Water moving through the respiratory tract flows into the mouth, through the small spaces that separate the secondary lamellae of the gills (plate-like structures on the gills that provide the bulk of the respiratory surface area of the gills) before exiting from the gill slit (see Fig. 1). As water passes through the pores formed by the secondary lamellae, solutes are exchanged with the blood that perfuses the secondary lamellae and moves in the opposite direction. This counter-current system has been examined theoretically and has been shown to provide increased exchange efficiency relative to cross-current systems (e.g. birds), ventilated pool systems (e.g. mammals), and infinite pool systems (e.g. amphibians) (Piiper and Scheid, 1975).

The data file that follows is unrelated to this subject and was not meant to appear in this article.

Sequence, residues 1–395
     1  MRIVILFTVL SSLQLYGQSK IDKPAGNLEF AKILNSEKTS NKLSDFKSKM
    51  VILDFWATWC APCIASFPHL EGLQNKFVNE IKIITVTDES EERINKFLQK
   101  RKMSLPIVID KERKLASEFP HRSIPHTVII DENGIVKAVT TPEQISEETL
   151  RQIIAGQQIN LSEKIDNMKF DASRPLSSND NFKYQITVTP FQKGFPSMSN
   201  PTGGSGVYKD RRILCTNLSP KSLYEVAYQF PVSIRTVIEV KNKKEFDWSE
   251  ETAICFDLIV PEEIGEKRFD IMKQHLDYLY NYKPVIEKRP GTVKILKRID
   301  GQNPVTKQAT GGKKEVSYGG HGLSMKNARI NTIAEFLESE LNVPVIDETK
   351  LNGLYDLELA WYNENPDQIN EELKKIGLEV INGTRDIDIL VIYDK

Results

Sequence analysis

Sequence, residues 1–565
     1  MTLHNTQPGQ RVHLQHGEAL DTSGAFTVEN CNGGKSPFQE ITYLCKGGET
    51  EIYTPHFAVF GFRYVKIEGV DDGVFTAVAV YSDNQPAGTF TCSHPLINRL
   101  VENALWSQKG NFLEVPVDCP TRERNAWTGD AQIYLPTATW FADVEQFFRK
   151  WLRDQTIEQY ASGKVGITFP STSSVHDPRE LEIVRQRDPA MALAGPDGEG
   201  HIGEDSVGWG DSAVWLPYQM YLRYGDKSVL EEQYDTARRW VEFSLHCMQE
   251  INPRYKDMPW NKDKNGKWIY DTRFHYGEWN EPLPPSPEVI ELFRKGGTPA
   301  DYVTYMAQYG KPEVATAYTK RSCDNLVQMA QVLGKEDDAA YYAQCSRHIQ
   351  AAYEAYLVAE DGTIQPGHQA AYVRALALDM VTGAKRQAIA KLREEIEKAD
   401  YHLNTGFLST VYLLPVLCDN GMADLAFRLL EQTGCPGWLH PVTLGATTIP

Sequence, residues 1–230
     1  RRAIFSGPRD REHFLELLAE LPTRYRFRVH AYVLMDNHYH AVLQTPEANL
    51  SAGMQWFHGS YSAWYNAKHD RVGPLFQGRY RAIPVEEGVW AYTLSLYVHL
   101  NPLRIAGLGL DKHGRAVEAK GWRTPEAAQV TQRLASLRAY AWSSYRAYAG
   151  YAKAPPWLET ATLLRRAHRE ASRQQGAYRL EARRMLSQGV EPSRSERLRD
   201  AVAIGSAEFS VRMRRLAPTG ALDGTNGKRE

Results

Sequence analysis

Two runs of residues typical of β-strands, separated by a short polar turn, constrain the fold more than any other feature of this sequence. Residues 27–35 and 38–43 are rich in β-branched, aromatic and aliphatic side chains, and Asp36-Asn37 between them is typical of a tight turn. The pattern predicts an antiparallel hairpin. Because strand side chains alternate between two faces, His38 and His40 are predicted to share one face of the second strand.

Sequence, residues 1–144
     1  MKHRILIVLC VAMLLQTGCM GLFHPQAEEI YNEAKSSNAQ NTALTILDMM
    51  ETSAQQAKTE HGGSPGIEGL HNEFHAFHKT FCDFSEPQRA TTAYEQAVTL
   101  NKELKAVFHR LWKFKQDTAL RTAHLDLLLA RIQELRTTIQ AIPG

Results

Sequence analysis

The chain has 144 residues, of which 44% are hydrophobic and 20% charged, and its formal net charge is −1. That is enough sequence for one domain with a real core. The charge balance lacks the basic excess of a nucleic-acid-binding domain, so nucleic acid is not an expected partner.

Despite an appreciation for the physiological consequences of ventilatory flow patterns, many open questions remain regarding the hydrodynamical basis of ventilation in fishes, specifically with regards to the hydrodynamic resistance of the gills and the flow fields that develop around the gills. The hydrodynamic resistance of the gills plays a crucial role in the ventilation of the gills, insofar as it determines the relationship between the pressures that develop around the gills and the flow rates through the gills. This relationship has been examined experimentally by restraining animals in an experimental chamber in which the mouth is separated from the operculum by a thin rubber membrane. By increasing or decreasing the pressure head across the gills and recording the resulting ventilatory flow rate, the hydrodynamic resistance of the gills has been estimated in a number of species (Hughes and Shelton, 1958; Hughes and Umezawa, 1968; Hughes and Saunders, 1970; Stevens, 1972).